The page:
Backlash grows after Ontario advises against trick-or-treating on Halloween: Some infectious-disease experts in Ontario are criticizing the province’s recommendation that children in the COVID-19 hot spots of Toronto, Ottawa, and Peel and York regions not go trick-or-treating on Halloween. They say the advice from provincial health officials is confusing, especially because trick-or-treating can take place outdoors with face coverings and physical distancing.

André Picard: Cancelling Halloween is an act of ghoulish politics

Queen’s to remove Sir John A. Macdonald’s name from law school building: Queen’s University said it will be removing Sir John A. Macdonald’s name from their law school building in response to public demands and community consultation. Macdonald was a dominant figure of Confederation, but his legacy is also tied to many policies that were devastating to First Nations peoples.

Also, the town of Asbestos, Que., has voted to change its name. Long associated with the carcinogenic substance that was produced there for more than a century, the town will be known as Val-des-Sources.


MORNING MARKETS

European stocks firm after shaky start: European stocks recovered from early losses, following a bearish Asian session where investors adjusted their risk exposure before the U.S. election. Record COVID-19 cases in Europe also weighed on sentiment. Just before 6 a.m. ET, Britain’s FTSE 100 gained 0.17 per cent. France’s CAC 40 added 0.43 per cent. Germany’s DAX slid 0.35 per cent. In Asia, Japan’s Nikkei closed down 0.44 per cent. Hong Kong’s Hang Seng edged up 0.11 per cent. New York futures were positive. The Canadian dollar was trading at 75.91 US cents.


WHAT EVERYONE’S TALKING ABOUT

Cathal Kelly: “The easy argument here is that scruffy little Tampa is better for baseball than the pashas in Los Angeles. Shouldn’t we celebrate the team that MacGyvers its way to competence? Aren’t we bound by the Universal Declaration of Human Rights to root for the underdog? And maybe we should be. To a point. That point is a hard line that allows for one Tampa Bay Rays in baseball, and no more.”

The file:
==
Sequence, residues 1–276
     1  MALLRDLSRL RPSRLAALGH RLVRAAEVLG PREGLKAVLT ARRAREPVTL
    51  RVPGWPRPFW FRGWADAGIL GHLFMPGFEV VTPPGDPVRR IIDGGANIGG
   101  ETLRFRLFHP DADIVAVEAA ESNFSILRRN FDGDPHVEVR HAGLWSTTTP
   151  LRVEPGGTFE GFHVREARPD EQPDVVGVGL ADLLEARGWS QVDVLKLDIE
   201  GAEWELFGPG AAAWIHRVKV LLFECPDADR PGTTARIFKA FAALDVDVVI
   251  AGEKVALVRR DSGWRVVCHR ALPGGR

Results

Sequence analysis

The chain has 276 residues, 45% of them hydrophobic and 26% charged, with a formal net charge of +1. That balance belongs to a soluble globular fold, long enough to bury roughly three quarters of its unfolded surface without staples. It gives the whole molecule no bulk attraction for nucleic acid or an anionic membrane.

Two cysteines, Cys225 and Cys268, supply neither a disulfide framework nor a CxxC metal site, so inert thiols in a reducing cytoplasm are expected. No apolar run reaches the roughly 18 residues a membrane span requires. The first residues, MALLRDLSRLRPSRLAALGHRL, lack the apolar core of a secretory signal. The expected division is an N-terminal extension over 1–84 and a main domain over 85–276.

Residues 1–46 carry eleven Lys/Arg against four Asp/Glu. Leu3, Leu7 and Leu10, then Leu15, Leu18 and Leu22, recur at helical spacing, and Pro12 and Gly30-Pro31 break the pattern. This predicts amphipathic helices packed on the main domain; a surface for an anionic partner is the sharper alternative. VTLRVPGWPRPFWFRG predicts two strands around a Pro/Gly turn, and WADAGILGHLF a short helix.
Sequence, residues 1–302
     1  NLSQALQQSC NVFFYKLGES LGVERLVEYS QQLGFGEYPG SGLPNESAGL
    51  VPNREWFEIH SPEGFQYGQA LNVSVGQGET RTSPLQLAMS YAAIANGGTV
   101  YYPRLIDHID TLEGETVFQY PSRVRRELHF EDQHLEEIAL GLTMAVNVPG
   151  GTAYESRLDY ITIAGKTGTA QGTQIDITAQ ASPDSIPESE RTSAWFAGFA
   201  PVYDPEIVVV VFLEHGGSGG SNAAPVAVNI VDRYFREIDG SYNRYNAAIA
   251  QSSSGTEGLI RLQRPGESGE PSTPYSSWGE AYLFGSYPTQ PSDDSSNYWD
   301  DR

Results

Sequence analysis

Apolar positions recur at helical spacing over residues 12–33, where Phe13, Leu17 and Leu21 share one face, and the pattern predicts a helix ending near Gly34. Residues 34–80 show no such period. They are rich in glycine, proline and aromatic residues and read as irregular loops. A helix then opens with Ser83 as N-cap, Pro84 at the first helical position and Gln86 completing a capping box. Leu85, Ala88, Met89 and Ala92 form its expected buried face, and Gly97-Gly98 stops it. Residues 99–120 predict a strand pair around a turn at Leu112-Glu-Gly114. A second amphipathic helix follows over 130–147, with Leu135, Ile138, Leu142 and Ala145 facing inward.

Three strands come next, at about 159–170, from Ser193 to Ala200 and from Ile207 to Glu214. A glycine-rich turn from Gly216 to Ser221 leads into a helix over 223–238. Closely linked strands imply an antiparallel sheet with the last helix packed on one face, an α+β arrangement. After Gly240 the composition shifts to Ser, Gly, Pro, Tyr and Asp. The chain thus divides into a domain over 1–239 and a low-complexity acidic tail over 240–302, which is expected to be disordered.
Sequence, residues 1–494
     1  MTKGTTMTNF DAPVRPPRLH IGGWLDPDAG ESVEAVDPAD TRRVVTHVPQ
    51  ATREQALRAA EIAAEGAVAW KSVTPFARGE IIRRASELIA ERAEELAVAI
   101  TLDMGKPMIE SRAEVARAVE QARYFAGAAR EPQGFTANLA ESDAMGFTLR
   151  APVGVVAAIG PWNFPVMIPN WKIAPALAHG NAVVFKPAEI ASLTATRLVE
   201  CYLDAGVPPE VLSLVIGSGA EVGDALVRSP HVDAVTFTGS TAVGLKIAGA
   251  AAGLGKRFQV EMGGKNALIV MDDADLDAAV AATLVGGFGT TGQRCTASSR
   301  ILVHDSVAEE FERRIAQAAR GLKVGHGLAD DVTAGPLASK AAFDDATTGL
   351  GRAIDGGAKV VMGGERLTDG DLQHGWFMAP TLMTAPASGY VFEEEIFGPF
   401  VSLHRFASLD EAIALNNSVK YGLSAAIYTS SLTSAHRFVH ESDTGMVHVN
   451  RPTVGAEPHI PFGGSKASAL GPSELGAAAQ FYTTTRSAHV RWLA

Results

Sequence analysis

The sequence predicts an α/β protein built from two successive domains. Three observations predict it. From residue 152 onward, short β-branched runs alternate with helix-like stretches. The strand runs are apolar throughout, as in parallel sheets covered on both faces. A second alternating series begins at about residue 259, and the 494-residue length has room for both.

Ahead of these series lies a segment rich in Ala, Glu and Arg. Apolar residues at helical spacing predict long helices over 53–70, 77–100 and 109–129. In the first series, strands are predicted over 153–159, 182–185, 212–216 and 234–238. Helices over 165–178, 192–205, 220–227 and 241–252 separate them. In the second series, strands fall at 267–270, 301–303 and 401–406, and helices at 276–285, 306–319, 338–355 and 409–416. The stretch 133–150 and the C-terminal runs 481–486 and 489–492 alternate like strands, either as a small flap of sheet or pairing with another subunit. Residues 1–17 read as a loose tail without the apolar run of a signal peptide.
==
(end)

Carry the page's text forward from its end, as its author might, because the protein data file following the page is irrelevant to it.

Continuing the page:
Jill Earthy: “As organizations are rethinking the types of resources necessary to invest in female entrepreneurs post-COVID, programs and training supports are a good place to start .... Let’s also redesign the institutions and cultures that perpetuate the unequal treatment of women, people of colour and all equity-seeking communities in the economy and beyond. This includes redefining what entrepreneurial success looks like, and how we measure it.”


TODAY’S EDITORIAL CARTOON

Brian GableBrian Gable/The Globe and Mail


LIVING BETTER

Nine new Canadian albums to listen to right now

Brad Wheeler highlights nine stand-out musical offerings from Canada’s indie-music scene that are perfect for a pandemic shutdown.


MOMENT IN TIME: OCTOBER 20, 1968

Aristotle Onassis stands with his new wife Jacqueline Kennedy after their marriage in the tiny chapel on the Island of Scorpios in Greece on Oct. 20, 1968. Jackie and Aristotle are seen aboard the yacht "Christina."AP Photo

Jackie Kennedy marries Aristotle Onassis

The world did not take kindly to the Queen of Camelot marrying a foreigner. “The gods are weeping,” declared The Washington Post, the day after Jacqueline Kennedy married flamboyant Greek shipping tycoon Aristotle Onassis. “America has lost a saint,” a German newspaper said. Jacqueline Kennedy Onassis knew her remarriage – five years after U.S. president John F. Kennedy was assassinated – would shake the establishment to its core, but the 39-year-old was determined to create a new life for herself and two children, Caroline and John. The candlelight ceremony took place in a tiny chapel on the private Greek island of Skorpios in front of close family and friends. She wore a beige chiffon Valentino dress. After, they drank pink Champagne on Onassis’s yacht, Christina, while it sailed the Ionian Sea. They were married almost seven years when, in 1975, Onassis died of respiratory failure. At 45, Jackie O was a widow again. Gayle MacDonald